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Who Could Not Avoid Exposure to High Levels of Residence-Based Pollution by Daily Mobility? Evidence of Air Pollution Exposure from the Perspective of the Neighborhood Effect Averaging Problem (NEAP)

Sciprofile linkXinlin Ma, Sciprofile linkXijing Li, Sciprofile linkMei-Po Kwan, Sciprofile linkYanwei Chai
Abstract: It has been widely acknowledged that air pollution has a considerable adverse impact on people’s health. Disadvantaged groups such as low-income people are often found to experience greater negative effects of environmental pollution. Thus, improving the accuracy of air pollution exposure assessment might be essential to policy-making. Recently, the neighborhood effect averaging problem (NEAP) has been identified as a specific form of possible bias when assessing individual exposure to air pollution and its health impacts. In this paper, we assessed the real-time air pollution exposure and residential-based exposure of 106 participants in a high-pollution community in Beijing, China. The study found that: (1) there are significant differences between the two assessments; (2) most participants experienced the NEAP and could lower their exposure by their daily mobility; (3) three vulnerable groups with low daily mobility and could not avoid the high pollution in their residential neighborhoods were identified as exceptions to this: low-income people who have low levels of daily mobility and limited travel outside their residential neighborhoods, blue-collar workers who spend long hours at low-end workplaces, and elderly people who face many household constraints. Public policies thus need to focus on the hidden environmental injustice revealed by the NEAP in order to improve the well-being of these environmentally vulnerable groups.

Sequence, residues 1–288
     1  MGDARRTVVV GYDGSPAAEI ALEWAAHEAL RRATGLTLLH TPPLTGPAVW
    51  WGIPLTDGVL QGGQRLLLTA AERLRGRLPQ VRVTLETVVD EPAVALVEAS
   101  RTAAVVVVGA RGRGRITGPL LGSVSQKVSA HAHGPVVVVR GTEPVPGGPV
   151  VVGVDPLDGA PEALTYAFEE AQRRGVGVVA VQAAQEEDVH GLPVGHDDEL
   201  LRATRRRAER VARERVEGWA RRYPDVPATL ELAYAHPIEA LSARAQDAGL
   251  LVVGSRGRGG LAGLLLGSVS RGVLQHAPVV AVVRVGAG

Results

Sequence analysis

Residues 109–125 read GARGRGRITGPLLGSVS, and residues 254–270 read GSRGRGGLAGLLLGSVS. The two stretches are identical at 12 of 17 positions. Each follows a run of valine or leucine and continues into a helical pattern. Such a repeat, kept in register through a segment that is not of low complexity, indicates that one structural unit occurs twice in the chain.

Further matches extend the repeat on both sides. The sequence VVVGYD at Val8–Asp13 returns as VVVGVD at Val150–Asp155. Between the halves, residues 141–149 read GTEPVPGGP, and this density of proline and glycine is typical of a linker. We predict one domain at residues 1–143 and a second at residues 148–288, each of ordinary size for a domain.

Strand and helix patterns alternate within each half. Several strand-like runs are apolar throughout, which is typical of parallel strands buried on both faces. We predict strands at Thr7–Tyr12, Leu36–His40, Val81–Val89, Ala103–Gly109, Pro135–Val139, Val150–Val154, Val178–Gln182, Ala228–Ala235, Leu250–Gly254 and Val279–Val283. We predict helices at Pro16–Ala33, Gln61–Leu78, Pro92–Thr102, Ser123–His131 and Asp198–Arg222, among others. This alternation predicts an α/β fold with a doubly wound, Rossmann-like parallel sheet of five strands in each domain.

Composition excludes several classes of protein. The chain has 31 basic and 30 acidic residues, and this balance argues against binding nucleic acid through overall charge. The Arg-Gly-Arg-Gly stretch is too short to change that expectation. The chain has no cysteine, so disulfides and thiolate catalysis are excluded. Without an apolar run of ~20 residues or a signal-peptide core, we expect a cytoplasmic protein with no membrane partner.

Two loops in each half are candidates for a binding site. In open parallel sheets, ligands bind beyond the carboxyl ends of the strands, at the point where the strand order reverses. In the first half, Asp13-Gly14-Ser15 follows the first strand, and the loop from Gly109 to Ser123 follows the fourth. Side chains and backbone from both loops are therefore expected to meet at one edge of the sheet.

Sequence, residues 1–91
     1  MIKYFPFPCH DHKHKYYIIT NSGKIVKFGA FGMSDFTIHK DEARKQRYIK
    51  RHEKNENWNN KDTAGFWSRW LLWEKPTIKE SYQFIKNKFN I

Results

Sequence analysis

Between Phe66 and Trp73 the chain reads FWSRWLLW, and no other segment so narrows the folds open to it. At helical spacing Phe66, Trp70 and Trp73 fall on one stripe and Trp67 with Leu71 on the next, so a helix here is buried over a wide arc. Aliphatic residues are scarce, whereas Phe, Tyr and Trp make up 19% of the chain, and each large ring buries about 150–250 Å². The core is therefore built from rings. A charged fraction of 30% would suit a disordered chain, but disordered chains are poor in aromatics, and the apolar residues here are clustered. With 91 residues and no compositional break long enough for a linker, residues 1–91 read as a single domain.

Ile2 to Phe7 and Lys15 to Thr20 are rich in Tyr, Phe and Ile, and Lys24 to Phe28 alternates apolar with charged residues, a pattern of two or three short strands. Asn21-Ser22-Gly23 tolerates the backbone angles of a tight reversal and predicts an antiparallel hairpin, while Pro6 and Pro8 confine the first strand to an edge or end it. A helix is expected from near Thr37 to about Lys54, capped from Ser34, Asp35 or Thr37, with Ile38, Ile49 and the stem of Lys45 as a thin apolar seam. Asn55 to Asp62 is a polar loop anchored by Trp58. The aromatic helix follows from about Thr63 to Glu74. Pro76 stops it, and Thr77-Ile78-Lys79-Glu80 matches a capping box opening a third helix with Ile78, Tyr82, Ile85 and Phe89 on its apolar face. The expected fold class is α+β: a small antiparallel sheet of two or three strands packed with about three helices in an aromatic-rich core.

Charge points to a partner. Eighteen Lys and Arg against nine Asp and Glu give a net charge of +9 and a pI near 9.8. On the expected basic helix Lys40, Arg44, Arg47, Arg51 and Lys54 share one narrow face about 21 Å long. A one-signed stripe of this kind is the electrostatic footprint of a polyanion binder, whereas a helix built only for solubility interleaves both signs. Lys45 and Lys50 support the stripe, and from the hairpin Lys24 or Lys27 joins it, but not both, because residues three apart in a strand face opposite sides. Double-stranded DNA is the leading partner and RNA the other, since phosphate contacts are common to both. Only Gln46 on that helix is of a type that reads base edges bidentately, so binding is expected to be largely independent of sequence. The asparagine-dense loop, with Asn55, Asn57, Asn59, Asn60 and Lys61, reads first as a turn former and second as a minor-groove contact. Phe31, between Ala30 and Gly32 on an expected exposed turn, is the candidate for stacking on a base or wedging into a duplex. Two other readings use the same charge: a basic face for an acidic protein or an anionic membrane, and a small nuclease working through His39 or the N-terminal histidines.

Keywords: environmental justice / Beijing / Air Pollution Exposure / neighborhood effect averaging problem (NEAP)

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